Courses

Updated March 3, 2022.

Undergraduate Courses, Fall 2022

Learn more about the teaching faculty here.

AEC 203 – An Introduction to the Honey Bee and Beekeeping

TR 11:45am-1:00pm
David Tarpy

A GER course targeted towards non-science majors to provide an exploration into biology and science using honey bees as a charismatic vehicle. Provides an introduction to honey bee biology and management, as well as an examination of the relationships between honey bees and humans from prehistoric through modern times.

AEC 295 – Predicting the Future of Life

T 1:30-2:45pm
Rob Dunn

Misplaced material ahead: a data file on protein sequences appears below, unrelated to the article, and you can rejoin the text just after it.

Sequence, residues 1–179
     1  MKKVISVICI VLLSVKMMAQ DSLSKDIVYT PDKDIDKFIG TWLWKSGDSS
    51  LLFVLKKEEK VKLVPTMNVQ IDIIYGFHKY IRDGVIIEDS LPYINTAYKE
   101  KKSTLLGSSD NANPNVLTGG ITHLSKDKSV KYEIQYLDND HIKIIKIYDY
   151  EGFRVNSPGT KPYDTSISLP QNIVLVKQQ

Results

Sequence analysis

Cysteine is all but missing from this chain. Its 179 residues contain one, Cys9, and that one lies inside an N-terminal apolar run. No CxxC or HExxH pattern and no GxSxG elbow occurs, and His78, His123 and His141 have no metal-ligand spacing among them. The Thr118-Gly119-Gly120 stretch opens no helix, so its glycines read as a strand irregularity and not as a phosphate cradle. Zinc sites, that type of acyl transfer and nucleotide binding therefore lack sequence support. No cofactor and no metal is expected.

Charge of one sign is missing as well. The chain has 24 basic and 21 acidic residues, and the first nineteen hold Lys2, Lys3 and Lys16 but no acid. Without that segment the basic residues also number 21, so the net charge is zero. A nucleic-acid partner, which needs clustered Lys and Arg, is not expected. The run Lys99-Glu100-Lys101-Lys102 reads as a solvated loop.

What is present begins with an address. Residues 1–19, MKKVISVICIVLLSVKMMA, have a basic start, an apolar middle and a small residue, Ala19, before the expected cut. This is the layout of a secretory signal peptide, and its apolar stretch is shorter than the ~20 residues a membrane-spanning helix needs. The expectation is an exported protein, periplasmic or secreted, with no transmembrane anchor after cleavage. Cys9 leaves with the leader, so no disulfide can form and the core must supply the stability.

To a great extent scientists have focused their prediction on the near future. Many models of climate, the future of species and the future of cities, for example, consider what might happen in the years 2030 or 2050. Yet, much of the infrastructure we are building now, whether it is roads, policy infrastructure or social and cultural infrastructure, will last far longer. Some of our constructions may well last tens of thousands of years. We are building some of the distant future even as we focus mostly on conversations about the here and now. Fortunately, we already know quite a bit about some inescapable biological realities of the future as a consequence of the general rules of life. Through lectures, guest panels (of economists and, separately, science fiction writers), and discussions, this class considers what we can predict about the more distant future, be it 2050, 2500 or 25000. It concludes by considering the evolution of species after the extinction of humans and then, finally, at the very end, the end of the universe. This class has real world applications for thinking about how to design cities, how to imagine the future of agriculture and even the ways in which we might reimagine hospitals and homes.